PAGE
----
Telecommunications: Primacy of Power and Regulatory Battles for Promoting National Standards - Part 4

What characterizes this model is the proactive role played by a strong state and export-driven economic policy based on a strategy of technology imitation. Government agencies in these two countries made extensive efforts to identify critical technologies, bargained hard over the terms on which these technologies would be transferred to domestic firms, and created conditions to protect and nurture new industries using these technologies once they were established (Samuels, 1994). China has adopted all these measures. However, dominant firms in today's global competition are increasingly the firms that establish standards. The most obvious examples are Microsoft and Intel, the so-called “Wintelism” (Borrus & Zysman, 1997). Standards are not the same as critical technologies — companies do not transfer standards, they only charge royalties. In other words, the Asian development model was able to work because technology could be easily imitated or transferred from leading markets to emerging markets through trade and investments. The same, however, is not true of standards.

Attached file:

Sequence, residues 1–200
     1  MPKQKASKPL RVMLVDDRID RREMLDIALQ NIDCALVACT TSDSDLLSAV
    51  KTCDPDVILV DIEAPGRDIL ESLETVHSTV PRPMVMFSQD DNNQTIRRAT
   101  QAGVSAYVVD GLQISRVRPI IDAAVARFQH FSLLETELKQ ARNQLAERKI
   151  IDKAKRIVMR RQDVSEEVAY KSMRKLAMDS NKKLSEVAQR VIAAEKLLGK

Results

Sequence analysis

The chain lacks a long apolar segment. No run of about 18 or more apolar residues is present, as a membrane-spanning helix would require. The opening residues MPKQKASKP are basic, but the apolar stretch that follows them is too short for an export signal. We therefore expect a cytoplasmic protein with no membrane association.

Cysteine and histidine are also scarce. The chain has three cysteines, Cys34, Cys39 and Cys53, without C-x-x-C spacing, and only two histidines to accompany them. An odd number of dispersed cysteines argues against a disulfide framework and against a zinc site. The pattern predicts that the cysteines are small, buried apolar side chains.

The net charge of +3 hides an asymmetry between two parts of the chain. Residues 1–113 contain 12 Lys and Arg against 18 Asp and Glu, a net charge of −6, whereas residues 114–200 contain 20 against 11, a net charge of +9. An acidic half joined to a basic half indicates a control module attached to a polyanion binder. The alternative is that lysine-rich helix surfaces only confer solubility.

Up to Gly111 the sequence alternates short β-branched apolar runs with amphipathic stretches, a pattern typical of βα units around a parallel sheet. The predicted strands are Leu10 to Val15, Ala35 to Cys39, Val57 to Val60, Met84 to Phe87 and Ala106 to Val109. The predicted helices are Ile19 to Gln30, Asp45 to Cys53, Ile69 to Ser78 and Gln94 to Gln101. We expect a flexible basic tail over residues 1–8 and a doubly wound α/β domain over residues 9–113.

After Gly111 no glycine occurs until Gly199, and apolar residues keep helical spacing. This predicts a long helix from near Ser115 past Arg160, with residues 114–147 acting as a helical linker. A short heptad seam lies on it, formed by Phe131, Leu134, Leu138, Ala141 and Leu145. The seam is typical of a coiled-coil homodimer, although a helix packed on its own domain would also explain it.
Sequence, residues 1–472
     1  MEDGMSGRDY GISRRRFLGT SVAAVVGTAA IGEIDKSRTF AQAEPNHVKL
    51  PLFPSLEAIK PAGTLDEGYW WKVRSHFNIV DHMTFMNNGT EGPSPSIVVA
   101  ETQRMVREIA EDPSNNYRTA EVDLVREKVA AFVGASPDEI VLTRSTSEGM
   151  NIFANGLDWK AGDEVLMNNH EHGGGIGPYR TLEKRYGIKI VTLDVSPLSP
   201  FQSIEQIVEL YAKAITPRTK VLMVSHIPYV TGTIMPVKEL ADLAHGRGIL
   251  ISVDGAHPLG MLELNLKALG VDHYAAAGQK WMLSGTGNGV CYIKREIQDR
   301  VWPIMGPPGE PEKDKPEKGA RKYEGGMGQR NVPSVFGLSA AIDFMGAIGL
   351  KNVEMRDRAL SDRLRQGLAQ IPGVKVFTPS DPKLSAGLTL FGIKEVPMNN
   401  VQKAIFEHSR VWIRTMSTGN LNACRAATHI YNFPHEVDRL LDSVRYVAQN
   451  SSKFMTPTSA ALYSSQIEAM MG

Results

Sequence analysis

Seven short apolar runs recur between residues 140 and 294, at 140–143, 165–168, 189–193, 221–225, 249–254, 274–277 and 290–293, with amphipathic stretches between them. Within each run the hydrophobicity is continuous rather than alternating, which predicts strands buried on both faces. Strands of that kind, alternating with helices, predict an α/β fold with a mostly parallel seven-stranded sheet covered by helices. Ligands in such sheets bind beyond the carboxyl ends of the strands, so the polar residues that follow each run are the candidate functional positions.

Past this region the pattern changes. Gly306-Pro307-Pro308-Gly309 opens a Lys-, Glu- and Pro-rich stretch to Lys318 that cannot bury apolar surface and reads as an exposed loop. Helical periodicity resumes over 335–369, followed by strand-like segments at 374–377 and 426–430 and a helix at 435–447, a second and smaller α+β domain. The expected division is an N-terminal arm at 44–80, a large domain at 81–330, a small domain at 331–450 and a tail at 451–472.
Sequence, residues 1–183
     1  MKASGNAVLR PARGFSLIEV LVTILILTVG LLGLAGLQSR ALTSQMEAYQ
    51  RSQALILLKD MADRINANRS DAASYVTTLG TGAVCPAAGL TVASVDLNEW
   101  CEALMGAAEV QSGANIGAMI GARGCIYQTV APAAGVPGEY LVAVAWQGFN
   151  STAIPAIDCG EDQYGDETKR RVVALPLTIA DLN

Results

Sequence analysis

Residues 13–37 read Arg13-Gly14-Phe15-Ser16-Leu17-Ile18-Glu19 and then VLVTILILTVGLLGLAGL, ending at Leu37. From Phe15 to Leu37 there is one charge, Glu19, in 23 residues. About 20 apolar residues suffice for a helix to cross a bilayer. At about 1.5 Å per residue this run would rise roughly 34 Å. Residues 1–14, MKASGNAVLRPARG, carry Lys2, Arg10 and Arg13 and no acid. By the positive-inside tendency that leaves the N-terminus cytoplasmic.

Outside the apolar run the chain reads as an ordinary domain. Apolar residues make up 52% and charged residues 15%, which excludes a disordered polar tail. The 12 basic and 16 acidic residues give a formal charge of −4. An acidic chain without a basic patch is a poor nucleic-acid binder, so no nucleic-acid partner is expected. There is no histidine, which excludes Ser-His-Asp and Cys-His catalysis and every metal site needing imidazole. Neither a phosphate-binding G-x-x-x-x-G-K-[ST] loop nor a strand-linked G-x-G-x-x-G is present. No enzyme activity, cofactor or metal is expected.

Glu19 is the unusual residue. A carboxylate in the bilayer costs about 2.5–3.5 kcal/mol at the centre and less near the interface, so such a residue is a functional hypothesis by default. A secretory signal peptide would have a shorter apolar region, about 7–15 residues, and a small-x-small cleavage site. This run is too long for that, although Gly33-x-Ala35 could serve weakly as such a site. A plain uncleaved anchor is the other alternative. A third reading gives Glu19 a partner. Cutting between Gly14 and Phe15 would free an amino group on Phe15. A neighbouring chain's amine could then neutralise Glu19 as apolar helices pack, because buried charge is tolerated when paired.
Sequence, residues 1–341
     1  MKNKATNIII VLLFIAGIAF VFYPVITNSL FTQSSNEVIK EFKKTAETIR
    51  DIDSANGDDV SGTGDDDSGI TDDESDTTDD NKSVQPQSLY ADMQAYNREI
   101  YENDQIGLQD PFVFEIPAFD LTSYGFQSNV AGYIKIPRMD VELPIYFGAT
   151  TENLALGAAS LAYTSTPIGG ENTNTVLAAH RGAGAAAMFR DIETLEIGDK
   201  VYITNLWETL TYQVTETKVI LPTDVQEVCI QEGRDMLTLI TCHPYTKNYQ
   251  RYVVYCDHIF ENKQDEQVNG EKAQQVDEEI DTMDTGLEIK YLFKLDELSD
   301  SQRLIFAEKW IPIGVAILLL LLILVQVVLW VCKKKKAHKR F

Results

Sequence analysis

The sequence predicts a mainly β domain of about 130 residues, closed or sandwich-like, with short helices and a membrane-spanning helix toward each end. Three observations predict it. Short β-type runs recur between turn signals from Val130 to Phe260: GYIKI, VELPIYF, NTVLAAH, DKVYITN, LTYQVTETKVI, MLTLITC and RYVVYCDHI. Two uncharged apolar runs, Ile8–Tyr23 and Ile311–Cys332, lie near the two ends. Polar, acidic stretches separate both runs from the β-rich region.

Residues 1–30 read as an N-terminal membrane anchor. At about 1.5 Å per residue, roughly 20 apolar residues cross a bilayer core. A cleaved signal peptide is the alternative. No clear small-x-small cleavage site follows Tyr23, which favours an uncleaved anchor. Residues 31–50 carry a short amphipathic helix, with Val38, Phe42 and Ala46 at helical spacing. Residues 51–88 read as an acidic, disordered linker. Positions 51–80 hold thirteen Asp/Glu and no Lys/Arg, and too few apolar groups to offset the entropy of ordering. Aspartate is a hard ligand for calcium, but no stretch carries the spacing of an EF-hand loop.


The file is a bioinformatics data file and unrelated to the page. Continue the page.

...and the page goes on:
Second, trade barriers and protected market are more difficult to maintain under economic globalization and the commitments China made in order to join the WTO. Traditional mercantilist policies fostering domestic capabilities and protecting infant industries are measures that restrict or discourage direct foreign investment and impose tariff and nontariff barriers to trade. However, these policy initiatives are no longer feasible in today's environment of economic interdependence. Long before China's WTO accession in 2001, China had liberalized its trade regime and welcomed foreign investment. Partly to facilitate its WTO accession negotiation, China significantly lowered its tariff levels and removed nontariff barriers. For example, Branstetter and Lardy argue that in a narrow growth accounting sense, it is simply not true that net exports have been a consistently important driver of China's economic growth in the 1990s. Growth in imports has broadly kept pace with growth in exports. (Branstetter & Lardy, 2006). During the 1990s, China was the largest recipient of FDI among developing countries. China has taken in a total of US $650 billion in FDI since 1978, ten times the total stock of FDI that Japan accumulated between 1945 and 2000, and far more than any other emerging market economy (Gilboy, 2004, p. 33). The trend of trade liberalization and FDI openness has strengthened even more since 2001, when China formally joined the WTO.

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